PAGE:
John Basilone receiving the Medal of Honor in 1943
|Born||November 4, 1916|
Buffalo, New York, U.S.
|Died||February 19, 1945† (aged 28) |
Iwo Jima, Japan
|Place of burial||Arlington National Cemetery|
|Allegiance||United States of America|
|Service/|| United States Army|
United States Marine Corps
|Years of service||1934-37, 1940-45|
|Unit||USA: D Company, 16th Infantry|
USA: D Company, 31st Infantry
USMC: D Company, 7th Marines
USMC: C Company, 27th Marines
|Battles/wars||World War II|
|Awards||Medal of Honor|
|Spouse(s)||Lena Mae Riggi (1944-1945)|
John Basilone (November 4, 1916 - February 19, 1945) was a United States Marine Corps Gunnery Sergeant who was killed in action during World War II. He received the Medal of Honor for heroism above and beyond the call of duty during the Battle for Henderson Field in the Guadalcanal Campaign, and the Navy Cross posthumously for extraordinary heroism during the Battle of Iwo Jima. He was the only enlisted Marine to receive both of these decorations in World War II.
He enlisted in the Marine Corps on June 3, 1940, after serving three years in the United States Army with duty in the Philippines. He was deployed to Guantánamo Bay, Cuba, and in August 1942, he took part in the invasion of Guadalcanal. In October, he and two other Marines used machine guns to hold off an attack by a far numerically superior Japanese force. In February 1945, he was killed in action on the first day of the invasion of Iwo Jima, after he single-handedly destroyed an enemy blockhouse and led a Marine tank under fire safely through a minefield.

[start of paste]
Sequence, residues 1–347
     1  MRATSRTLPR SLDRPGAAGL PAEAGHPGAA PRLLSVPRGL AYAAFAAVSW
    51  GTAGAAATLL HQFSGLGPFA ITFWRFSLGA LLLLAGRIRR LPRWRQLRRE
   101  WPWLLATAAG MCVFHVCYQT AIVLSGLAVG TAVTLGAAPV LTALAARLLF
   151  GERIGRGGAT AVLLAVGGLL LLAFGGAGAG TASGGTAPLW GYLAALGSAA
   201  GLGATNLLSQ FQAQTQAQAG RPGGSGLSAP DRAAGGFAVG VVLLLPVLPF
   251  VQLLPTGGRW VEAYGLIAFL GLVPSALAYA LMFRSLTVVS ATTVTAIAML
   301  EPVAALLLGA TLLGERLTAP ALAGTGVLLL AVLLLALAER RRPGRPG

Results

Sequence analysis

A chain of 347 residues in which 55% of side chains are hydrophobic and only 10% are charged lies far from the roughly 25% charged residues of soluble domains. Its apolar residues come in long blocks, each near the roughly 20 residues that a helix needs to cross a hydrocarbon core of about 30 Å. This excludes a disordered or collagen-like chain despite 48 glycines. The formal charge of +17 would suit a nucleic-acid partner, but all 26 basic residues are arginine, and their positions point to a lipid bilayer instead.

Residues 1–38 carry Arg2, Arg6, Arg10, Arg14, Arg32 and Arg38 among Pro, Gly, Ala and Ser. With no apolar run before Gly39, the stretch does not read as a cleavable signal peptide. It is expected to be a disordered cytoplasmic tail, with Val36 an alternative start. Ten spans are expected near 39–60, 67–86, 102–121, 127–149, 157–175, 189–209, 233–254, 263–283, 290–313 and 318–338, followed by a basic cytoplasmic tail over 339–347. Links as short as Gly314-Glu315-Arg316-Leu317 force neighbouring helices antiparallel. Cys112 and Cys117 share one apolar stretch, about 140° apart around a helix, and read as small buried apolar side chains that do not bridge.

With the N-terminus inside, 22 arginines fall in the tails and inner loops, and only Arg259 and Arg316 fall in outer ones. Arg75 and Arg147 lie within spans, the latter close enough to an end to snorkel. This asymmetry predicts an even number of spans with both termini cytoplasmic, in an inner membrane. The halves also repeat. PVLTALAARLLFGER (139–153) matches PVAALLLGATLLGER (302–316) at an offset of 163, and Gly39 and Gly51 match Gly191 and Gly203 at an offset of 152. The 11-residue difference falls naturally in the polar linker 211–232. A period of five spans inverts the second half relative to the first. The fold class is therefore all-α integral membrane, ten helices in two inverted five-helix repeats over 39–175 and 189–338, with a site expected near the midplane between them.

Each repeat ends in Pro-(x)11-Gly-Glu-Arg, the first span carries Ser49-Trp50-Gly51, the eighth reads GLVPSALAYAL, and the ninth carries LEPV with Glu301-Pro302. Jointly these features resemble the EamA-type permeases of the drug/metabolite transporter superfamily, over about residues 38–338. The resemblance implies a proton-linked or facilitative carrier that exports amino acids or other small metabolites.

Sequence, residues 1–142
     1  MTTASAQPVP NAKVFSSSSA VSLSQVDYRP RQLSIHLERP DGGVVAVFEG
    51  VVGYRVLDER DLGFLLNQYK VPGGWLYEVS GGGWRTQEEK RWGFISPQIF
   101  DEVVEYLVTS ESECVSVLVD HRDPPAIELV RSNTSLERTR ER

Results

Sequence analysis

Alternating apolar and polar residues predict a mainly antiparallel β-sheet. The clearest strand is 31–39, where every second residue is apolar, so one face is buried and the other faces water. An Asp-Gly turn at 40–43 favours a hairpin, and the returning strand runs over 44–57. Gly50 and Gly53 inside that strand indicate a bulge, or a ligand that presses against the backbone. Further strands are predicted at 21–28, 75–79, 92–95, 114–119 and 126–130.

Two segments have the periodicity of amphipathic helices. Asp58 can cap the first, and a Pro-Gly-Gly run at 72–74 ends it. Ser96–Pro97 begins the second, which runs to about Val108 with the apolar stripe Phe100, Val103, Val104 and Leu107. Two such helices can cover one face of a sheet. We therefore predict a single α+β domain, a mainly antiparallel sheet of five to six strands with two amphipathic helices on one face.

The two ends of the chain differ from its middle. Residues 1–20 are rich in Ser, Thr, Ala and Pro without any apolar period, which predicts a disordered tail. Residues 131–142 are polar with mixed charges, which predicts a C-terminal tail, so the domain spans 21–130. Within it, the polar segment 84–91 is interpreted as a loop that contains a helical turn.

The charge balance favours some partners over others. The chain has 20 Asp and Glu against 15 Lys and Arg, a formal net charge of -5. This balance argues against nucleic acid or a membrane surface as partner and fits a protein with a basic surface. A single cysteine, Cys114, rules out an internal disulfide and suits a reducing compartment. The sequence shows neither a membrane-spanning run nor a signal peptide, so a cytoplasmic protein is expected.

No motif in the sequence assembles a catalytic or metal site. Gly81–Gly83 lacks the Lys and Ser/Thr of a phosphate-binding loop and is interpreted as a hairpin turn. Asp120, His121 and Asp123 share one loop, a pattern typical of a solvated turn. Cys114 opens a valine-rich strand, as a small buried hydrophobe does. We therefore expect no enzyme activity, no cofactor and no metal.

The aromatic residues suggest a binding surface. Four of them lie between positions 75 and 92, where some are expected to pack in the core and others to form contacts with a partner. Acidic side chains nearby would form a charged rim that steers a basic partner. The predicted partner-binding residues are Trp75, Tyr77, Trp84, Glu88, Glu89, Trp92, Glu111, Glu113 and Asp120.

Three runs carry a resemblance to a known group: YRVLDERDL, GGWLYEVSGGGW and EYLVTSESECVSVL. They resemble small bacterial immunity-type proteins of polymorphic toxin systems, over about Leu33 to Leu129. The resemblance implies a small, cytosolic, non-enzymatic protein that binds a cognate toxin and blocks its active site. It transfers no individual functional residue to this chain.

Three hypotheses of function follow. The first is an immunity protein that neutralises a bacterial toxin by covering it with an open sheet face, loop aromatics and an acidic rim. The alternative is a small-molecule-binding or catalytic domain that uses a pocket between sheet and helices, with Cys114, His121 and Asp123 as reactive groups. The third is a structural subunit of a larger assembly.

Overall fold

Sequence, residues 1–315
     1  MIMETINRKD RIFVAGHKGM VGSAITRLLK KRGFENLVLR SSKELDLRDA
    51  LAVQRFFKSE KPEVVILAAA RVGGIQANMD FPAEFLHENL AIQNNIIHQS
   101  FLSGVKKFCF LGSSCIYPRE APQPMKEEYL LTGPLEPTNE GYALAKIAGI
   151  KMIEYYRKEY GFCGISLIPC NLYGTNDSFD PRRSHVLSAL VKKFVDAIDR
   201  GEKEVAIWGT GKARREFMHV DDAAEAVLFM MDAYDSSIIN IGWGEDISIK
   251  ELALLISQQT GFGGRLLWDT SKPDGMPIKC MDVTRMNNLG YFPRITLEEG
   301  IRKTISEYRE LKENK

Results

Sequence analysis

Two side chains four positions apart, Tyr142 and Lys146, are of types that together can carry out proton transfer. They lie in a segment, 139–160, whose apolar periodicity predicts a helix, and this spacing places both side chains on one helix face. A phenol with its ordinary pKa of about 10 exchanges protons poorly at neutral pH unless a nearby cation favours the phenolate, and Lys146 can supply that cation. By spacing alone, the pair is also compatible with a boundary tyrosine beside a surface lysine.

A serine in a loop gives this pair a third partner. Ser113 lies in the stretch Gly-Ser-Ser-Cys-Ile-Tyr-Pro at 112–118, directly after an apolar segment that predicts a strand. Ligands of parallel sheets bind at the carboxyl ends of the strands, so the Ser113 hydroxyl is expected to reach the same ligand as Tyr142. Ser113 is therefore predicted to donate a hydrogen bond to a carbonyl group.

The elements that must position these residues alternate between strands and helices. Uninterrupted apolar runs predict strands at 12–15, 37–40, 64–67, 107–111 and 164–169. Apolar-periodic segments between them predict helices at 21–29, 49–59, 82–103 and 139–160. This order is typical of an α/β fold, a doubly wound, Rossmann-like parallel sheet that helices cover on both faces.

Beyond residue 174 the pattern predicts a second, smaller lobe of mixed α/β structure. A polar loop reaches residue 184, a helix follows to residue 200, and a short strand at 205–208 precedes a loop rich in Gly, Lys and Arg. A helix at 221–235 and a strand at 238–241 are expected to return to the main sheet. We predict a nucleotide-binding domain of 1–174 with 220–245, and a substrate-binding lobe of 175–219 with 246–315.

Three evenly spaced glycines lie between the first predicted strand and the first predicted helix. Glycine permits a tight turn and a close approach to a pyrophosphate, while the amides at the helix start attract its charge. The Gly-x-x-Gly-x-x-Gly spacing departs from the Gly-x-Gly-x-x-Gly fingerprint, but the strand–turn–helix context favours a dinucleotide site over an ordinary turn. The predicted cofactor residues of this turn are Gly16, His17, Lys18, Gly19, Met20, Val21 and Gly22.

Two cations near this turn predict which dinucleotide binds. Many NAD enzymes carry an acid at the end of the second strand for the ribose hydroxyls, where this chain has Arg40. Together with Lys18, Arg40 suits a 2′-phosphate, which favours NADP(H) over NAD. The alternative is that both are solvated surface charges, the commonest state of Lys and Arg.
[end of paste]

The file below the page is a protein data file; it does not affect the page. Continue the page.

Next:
He has received many honors including being the namesake for streets, military locations, and two United States Navy destroyers.
Basilone was born in his parents' home on November 4, 1916, in Buffalo, New York. He was the sixth of ten children. His five older siblings were born in Raritan, New Jersey, before the family moved to Buffalo when John was born; they returned to Raritan in 1918.
His father, Salvatore Basilone, emigrated from Colle Sannita, in the region of Benevento, Italy in 1903 and settled in Raritan. Basilone's mother, Dora Bencivenga, was born in 1889 and grew up in Manville, New Jersey, but her parents, Carlo and Catrina, also came from Benevento. Basilone's parents met at a church gathering and married three years later.
Basilone grew up in the nearby Raritan Town (now Borough of Raritan) where he attended St. Bernard Parochial School. After completing middle school at the age of 15, he dropped out prior to attending high school. Basilone worked as a golf caddy for the local country club before joining the military.
Basilone enlisted in the United States Army in July 1934 and completed his three-year enlistment with service in the Philippines, where he was a champion boxer. In the Army, Basilone was initially assigned to the 16th Infantry at Fort Jay, before being discharged for a day, reenlisting, and being assigned to the 31st Infantry.